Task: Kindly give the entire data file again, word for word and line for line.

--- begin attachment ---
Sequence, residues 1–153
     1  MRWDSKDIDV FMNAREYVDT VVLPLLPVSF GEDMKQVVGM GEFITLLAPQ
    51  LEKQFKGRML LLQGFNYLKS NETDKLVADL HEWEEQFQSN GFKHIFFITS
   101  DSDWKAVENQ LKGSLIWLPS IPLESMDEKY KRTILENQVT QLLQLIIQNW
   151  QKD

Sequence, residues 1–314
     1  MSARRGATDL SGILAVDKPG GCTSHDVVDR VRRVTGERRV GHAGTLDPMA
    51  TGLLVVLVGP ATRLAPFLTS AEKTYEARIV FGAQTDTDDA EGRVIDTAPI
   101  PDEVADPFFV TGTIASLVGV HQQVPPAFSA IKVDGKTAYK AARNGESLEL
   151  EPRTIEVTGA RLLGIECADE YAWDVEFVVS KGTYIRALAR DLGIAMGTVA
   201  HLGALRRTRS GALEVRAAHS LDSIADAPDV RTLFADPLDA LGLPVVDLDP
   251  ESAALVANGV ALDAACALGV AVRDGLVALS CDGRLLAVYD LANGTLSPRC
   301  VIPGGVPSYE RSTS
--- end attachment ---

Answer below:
Sequence, residues 1–153
     1  MRWDSKDIDV FMNAREYVDT VVLPLLPVSF GEDMKQVVGM GEFITLLAPQ
    51  LEKQFKGRML LLQGFNYLKS NETDKLVADL HEWEEQFQSN GFKHIFFITS
   101  DSDWKAVENQ LKGSLIWLPS IPLESMDEKY KRTILENQVT QLLQLIIQNW
   151  QKD

Sequence, residues 1–314
     1  MSARRGATDL SGILAVDKPG GCTSHDVVDR VRRVTGERRV GHAGTLDPMA
    51  TGLLVVLVGP ATRLAPFLTS AEKTYEARIV FGAQTDTDDA EGRVIDTAPI
   101  PDEVADPFFV TGTIASLVGV HQQVPPAFSA IKVDGKTAYK AARNGESLEL
   151  EPRTIEVTGA RLLGIECADE YAWDVEFVVS KGTYIRALAR DLGIAMGTVA
   201  HLGALRRTRS GALEVRAAHS LDSIADAPDV RTLFADPLDA LGLPVVDLDP
   251  ESAALVANGV ALDAACALGV AVRDGLVALS CDGRLLAVYD LANGTLSPRC
   301  VIPGGVPSYE RSTS